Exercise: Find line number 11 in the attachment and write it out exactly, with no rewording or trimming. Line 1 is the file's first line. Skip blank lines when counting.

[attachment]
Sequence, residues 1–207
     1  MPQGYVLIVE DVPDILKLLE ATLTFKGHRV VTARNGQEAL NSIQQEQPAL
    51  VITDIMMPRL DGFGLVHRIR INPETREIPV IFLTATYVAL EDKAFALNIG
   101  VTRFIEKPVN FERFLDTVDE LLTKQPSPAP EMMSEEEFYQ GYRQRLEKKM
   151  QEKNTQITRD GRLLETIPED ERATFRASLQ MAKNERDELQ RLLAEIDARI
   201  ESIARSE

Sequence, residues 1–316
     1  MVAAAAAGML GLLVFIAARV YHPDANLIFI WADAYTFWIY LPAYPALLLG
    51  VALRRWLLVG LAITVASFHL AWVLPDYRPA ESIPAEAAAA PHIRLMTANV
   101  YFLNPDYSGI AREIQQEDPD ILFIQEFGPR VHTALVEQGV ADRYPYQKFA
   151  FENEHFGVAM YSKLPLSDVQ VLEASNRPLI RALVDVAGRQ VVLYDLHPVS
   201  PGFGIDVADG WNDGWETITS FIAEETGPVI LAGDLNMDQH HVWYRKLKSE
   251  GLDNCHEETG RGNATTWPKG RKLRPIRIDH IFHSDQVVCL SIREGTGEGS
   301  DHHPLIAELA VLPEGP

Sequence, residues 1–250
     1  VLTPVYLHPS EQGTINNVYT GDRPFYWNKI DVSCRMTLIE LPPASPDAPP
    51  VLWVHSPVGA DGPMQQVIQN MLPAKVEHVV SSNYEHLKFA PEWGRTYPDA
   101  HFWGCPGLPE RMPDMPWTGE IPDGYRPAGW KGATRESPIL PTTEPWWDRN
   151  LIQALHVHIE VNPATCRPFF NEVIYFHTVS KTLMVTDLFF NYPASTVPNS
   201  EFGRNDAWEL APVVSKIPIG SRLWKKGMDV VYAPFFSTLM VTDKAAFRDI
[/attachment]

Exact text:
   151  FENEHFGVAM YSKLPLSDVQ VLEASNRPLI RALVDVAGRQ VVLYDLHPVS